The maths and English targets, on which the Secretary of State for Education and Employment, David Blunkett, has staked his job, will require "substantial" extra funding if they are to succeed, heads say.
The findings come on the same day as another survey says that primary teachers want more time to spend on literacy and numeracy. The study, carried out for the National Association of Schoolmasters-Union of Women Teachers, shows that more than three-quarters of teachers feel the National Curriculum for primaries is overcrowded, while the vast majority want more time to concentrate on basic skills.
Of 1,037 heads questioned in the first survey, almost two-thirds believe plans to ensure that 80 per cent of 11-year-olds are reaching acceptable standards in English by the end of this Parliament will founder without more money. Another quarter are still uncertain whether success is possible.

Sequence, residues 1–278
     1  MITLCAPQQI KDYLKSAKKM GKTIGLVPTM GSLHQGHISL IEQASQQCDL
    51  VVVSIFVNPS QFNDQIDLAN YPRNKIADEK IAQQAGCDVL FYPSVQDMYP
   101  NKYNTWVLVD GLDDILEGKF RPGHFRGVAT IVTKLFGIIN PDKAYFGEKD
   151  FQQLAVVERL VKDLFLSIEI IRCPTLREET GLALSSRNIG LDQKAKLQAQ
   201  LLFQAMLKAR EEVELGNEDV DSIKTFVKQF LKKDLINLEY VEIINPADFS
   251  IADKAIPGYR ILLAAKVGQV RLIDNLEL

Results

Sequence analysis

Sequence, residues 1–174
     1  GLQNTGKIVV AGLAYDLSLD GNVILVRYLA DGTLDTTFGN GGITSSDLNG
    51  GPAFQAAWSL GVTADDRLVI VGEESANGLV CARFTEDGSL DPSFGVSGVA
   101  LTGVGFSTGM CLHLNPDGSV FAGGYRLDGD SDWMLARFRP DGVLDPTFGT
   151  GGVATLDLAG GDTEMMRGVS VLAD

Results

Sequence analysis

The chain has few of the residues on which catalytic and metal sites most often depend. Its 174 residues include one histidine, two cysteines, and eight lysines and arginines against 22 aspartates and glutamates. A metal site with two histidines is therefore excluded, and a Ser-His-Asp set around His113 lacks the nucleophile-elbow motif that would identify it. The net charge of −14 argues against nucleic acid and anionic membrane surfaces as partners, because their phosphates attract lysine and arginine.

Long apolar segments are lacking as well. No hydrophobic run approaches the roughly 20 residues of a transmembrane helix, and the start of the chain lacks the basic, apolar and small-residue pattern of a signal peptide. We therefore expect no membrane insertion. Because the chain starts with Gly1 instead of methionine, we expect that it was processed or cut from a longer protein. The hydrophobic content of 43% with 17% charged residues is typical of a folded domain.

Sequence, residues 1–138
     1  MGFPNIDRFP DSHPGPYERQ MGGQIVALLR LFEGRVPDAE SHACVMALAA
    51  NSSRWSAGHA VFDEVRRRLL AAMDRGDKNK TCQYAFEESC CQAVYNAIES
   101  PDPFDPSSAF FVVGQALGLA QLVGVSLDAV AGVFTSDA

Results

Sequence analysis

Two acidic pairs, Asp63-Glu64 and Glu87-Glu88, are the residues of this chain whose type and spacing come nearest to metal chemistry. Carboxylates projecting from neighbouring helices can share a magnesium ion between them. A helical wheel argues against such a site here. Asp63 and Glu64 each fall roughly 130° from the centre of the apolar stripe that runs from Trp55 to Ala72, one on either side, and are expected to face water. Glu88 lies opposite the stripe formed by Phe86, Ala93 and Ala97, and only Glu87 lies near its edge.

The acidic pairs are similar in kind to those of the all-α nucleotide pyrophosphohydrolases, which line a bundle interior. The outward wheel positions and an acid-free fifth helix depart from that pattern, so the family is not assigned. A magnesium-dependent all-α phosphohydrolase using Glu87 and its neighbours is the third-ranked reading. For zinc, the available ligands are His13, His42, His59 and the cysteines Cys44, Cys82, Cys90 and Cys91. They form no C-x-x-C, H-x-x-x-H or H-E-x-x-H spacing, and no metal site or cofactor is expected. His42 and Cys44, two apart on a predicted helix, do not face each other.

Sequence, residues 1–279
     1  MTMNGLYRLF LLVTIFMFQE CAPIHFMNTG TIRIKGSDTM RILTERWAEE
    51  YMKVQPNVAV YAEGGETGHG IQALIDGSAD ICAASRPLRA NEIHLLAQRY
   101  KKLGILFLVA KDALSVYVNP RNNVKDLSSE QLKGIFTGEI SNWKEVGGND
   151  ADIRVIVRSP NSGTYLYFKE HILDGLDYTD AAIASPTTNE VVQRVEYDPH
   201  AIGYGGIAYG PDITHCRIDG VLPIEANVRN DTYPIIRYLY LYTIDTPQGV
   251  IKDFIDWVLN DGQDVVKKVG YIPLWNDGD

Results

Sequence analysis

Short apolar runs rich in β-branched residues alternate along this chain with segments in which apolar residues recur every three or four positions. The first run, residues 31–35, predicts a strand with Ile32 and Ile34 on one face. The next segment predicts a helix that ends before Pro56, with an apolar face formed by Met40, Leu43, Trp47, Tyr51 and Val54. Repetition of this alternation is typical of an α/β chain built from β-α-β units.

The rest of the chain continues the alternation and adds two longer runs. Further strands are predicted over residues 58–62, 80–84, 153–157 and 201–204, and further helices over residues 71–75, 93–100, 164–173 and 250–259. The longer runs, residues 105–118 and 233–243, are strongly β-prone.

Almost as many believe the target of 75 per cent of the age group being on track in maths is unrealistic.
The doubts expressed in the study, conducted for the National Association of Head Teachers and the BBC education programme Just One Chance, prompted Mr Blunkett to renew his pledge to resign if the goals are not met within a five-year timetable.
But heads had failed to understand the size of the Government's investment in schools, he told the programme - broadcast tonight.Reuse content